AUGUST 25, 1954
HYDE PARK, Tuesday—The sermon in our church on last Sunday dealt with the admonition to love one another, and the misunderstandings which might arise over the question of forgiveness and how often that forgiveness should be granted.
In thinking it over afterwards, it seemed to me that in the world today it is sometimes rather difficult to follow the spirit and the teachings of Christ.
I long ago ceased to have the slightest feeling about anything which is said about myself or done by people who want to hurt me. But sometimes it is hard to keep down resentment when things which you know are untrue are said about the dead. And it is even harder to keep down that resentment when things are said to harm and when truth is distorted about the living.
I do not think I really hate anyone in the world, but I must say that sometimes I find it puzzling to separate the sin which is being committed from the sinner. I am sure of one thing, however. If in any way we can keep from war during the next few years, that achievement certainly will be one of the things that church people will feel has helped them to achieve the ideals of their religions. For war certainly intensifies all the hatreds between people.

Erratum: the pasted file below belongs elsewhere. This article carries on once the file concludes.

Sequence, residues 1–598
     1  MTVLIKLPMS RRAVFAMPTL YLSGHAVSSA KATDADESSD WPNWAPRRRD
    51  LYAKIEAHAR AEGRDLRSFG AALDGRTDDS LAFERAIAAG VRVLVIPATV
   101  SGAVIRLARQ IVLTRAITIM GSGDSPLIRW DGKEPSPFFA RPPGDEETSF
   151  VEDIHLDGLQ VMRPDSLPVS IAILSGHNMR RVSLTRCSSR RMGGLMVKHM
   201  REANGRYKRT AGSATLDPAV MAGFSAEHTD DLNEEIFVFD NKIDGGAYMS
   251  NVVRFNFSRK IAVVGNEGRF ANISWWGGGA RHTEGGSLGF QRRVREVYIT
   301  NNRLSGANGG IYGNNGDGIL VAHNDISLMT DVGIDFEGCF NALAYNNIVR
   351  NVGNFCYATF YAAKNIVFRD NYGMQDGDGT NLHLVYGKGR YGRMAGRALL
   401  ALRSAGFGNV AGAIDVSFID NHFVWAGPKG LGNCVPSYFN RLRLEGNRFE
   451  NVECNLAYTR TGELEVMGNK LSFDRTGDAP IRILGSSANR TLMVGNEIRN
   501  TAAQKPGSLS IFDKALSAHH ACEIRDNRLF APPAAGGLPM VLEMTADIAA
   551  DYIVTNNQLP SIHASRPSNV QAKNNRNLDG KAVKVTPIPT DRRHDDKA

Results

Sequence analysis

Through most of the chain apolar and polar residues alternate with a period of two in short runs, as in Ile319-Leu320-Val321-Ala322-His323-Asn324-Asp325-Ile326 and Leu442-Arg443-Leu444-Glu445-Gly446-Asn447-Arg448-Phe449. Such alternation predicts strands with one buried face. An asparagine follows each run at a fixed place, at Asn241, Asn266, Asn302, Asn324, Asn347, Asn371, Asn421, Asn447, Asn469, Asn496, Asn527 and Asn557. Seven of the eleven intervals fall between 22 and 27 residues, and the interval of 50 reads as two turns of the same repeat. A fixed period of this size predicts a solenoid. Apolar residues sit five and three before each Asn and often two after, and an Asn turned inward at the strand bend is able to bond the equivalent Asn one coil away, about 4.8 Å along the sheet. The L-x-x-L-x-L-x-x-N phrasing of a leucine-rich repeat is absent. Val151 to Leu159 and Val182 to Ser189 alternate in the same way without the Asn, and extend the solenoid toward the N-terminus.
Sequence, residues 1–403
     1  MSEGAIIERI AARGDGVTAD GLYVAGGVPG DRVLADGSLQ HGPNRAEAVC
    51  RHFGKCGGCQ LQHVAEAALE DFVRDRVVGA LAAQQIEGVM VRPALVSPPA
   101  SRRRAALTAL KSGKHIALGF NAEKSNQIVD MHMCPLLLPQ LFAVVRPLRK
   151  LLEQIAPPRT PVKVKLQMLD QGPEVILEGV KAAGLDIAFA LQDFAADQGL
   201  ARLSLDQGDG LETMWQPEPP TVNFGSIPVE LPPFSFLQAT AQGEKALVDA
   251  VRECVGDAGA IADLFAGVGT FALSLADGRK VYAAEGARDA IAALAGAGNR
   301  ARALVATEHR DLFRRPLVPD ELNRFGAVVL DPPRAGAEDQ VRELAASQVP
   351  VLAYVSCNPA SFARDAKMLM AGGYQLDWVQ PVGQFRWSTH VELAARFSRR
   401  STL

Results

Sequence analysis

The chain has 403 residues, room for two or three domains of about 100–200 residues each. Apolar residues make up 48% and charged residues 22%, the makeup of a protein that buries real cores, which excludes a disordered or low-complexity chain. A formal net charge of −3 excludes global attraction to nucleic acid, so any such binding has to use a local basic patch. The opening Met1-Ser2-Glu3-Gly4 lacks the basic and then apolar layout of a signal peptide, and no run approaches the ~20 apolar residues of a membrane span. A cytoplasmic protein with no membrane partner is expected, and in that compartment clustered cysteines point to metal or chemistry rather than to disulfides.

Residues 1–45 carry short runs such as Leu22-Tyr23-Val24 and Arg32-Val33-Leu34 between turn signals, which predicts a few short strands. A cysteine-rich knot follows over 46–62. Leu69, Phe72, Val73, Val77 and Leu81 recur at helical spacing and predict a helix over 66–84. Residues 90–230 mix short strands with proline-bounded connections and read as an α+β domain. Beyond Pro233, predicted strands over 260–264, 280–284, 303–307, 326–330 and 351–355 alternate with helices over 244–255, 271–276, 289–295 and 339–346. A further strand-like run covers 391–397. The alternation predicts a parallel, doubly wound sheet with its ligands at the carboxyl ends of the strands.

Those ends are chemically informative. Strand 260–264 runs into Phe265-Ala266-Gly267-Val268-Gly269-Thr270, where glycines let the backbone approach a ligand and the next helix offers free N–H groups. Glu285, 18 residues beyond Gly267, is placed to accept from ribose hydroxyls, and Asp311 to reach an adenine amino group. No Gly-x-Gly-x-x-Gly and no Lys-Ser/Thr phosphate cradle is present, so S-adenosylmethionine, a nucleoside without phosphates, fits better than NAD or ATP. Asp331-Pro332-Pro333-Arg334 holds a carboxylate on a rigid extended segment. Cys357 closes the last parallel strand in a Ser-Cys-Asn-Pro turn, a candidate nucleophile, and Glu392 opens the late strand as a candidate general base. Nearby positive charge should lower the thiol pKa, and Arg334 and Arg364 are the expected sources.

Some people I know feel that the strain today—the possibility of atomic war—is unbearable. But that, I think, is really a challenge to those of us who believe that God will not destroy willingly. Only if we, through our blindness, fail to carry out His will as we have in the past, and perhaps will again, will we (not God) achieve destruction.
That knowledge should make us work harder than we have ever worked to build a better world. We have to follow our own lights, of course, and others may feel that what we do is not the kind of thing they consider good. Here again we have to rely upon the majority of people coming together on what is the best method of developing the good in the world in which we live.
It seems to me that our best instrument, internationally, for bringing people together is found in the United Nations, and I hope and pray that we may strengthen that organization and allow it to do the best possible work for keeping peace. Without a forum of this kind and a meeting place for the representatives of the people it is difficult to imagine how greater understanding among people can be developed and a world kept at peace.
I am convinced, however, that one of the essential steps that must be taken throughout the world is for individuals to try to set their own houses in order, to get rid of feelings of hate and to try to develop charity and understanding in the circles that they individually touch.